Producing free-form surfaces with the ultrashort pulse laser

How femtosecond lasers can be used to correct the shape of glass components with nm height resolution was reported by Dr. Jie Qiao, Associate Professor from Rochester Institute of Technology, USA. The secret to success lies in a dynamic mathematical model that can predict ablation and temperature evolution. Energy density serves as a measure to scale the process further. Demonstrated on flat samples, the process is now paving the way for the high-precision production of even more complex surfaces.

The subnano range was also the focus of Emrah Uluz, a research associate from Fraunhofer ILT who works on laser beam figuring LBF. His presentation focused on using nanometer-precise ablation to reduce the waviness of polished fused silica surfaces. A key factor here is a highly stable laser operating at constant laser power (standard deviation: ≈ 0.1 percent).

Classic mechanical polishing of glass repeatedly results in smaller and larger scratches that impair its surface quality. According to Dr.-Ing. Kerstin Götze, group leader of laser polishing at Ernst Abbe University in Jena, 99.9 percent of these scratches can be reliably removed with the CO2 laser – especially when it operates at a low feed rate. The process has proven particularly effective in improving the quality of curved and structured surfaces.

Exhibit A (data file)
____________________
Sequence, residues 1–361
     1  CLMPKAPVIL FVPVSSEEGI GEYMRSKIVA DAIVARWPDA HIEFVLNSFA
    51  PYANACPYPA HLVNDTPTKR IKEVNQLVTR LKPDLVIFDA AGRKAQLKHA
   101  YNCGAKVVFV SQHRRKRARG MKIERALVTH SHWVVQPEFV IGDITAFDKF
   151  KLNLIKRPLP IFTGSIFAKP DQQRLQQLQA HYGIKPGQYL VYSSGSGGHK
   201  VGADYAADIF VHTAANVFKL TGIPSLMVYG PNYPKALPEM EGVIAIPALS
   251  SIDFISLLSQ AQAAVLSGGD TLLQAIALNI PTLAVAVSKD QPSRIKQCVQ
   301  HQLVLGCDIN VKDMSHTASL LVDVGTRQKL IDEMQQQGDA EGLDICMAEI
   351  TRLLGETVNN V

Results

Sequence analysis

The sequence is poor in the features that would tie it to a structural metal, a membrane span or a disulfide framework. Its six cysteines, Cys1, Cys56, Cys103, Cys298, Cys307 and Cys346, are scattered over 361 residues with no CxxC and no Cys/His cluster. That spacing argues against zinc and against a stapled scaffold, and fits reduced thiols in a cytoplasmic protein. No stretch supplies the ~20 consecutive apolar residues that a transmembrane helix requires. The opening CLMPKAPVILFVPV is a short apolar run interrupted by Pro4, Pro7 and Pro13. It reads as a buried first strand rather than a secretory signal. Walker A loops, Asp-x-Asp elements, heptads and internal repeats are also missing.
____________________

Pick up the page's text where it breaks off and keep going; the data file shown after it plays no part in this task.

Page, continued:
Green laser removes “subsurface damage”

Professor Jiwang Yan from Keio University in Yokohama, Japan observed that thermal effects during classical mechanical polishing of single-crystalline silicon wafers cause damage just below the surface. The Japanese experts succeeded in repairing this “subsurface damage” without material ablation and environmental pollution by remelting with green laser light: The remelted layer grew single-crystalline onto the underlying material. However, this was only successful after prior simulation of the molecular structure. After the successful experiments, various laser systems were developed in Yokohama that are suitable not only for repairing surfaces but also for creating functional surfaces.